Feds call for greater transparency, efficiency

By Steven Lamb | June 15, 2006 | Last updated on June 15, 2006
2 min read

The federal minister of finance is calling a more investor-friendly financial services industry, with increased legislative and regulatory efficiency and a more adaptable framework.

“The proposed recommendations will go a long way towards eliminating red tape, improving disclosure to consumers and fostering a strong and dynamic financial sector,” said Jim Flaherty, Minister of Finance. “Proposals will also allow new technology to benefit consumers and small businesses through reduced maximum holding periods for cheques.”

The white paper, entitled 2006 Financial Institutions Legislation Review: Proposals for an Effective and Efficient Financial Services Framework, provides a general overview of legislation which the government will table in the fall. Flaherty also extended the deadline for parliament to deal with statutes governing the industry, from October 24, 2006, to April 24, 2007.

Among the proposals, the white paper calls for improved disclosure to consumers on deposit products, including information on returns, the term of the product and any penalties for early withdrawal.

“The Government proposes to amend financial institutions legislation to explicitly require the disclosure of fees in respect of deposit-type registered plans offered by federally regulated financial institutions,” the paper reads. “This decision will assist customers to make informed decisions about their deposit-type registered plans.”

Under the proposed framework disclosure requirements for in-branch and online transactions would be harmonized. The government wants to amend the Bank Act to give itself the authority to regulate cheque hold periods, cutting the maximum hold period immediately to seven days and reducing it to four days once electronic cheque imaging comes into effect.

“The Government proposes to amend the Bills of Exchange Act to provide an enabling framework for the introduction of electronic cheque imaging by allowing financial institutions to use electronic cheque images in the cheque clearing system,” the white paper says.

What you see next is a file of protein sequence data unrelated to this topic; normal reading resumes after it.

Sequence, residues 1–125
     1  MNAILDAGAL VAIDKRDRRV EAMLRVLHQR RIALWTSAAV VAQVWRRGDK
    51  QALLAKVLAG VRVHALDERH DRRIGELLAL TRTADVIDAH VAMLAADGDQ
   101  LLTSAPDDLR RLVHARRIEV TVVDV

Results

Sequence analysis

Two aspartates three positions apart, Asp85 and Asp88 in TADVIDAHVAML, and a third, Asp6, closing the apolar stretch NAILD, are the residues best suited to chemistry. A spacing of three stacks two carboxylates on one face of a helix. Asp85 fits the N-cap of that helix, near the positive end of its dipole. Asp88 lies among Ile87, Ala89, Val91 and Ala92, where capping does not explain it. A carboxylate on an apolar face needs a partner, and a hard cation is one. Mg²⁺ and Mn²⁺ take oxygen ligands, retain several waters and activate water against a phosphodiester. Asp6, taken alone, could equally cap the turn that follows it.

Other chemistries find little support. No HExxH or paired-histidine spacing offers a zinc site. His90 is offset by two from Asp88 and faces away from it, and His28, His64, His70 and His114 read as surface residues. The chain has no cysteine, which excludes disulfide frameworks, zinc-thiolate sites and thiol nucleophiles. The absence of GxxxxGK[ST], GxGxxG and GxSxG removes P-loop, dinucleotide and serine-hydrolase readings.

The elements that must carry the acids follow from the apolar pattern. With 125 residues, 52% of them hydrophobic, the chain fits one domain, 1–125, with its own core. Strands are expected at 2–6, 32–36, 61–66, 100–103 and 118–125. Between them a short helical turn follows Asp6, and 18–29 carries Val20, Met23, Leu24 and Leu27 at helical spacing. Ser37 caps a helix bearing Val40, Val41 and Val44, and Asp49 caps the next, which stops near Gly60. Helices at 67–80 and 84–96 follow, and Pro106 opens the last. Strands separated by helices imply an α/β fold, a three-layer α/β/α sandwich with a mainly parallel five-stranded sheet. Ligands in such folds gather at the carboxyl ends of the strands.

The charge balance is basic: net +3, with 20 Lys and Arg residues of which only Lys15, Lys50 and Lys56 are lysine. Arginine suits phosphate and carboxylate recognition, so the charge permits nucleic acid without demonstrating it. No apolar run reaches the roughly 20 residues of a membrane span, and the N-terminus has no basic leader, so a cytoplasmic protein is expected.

Another proposal will increase ownership thresholds set in 2001 under the Bank Act, which currently allows for a $5 billion equity stake to be held for large banks and $1 billion equity stakes for small banks. The new limits will reflect the increased value of the Canadian banking sector. The equity limit on large bank ownership will rise to $8 billion, while that of small banks, trust and loan companies, and insurance companies will increase to $2 billion.

Another recommendation looks to decrease the mortgage down payment consumers are required to make before the law requires the purchase of mortgage insurance. Currently, homebuyers must offer a 25% down payment to avoid CMHC insurance fees. Under the new proposals, they would only need to pre-pay 20% of the cost of their home.

In the credit union sector, which includes Caisses populaires, the government proposes reducing the number of credit unions required to form an association to just two from 10. Credit union associations which are not accepting retail deposits will also be allowed to opt out of deposit insurance, which is currently mandatory.

The government is soliciting comment from consumers and the industry, which should be forwarded to the Department of Finance by July 21, 2006.

Filed by Steven Lamb, Advisor.ca, steven.lamb@advisor.rogers.com


Steven Lamb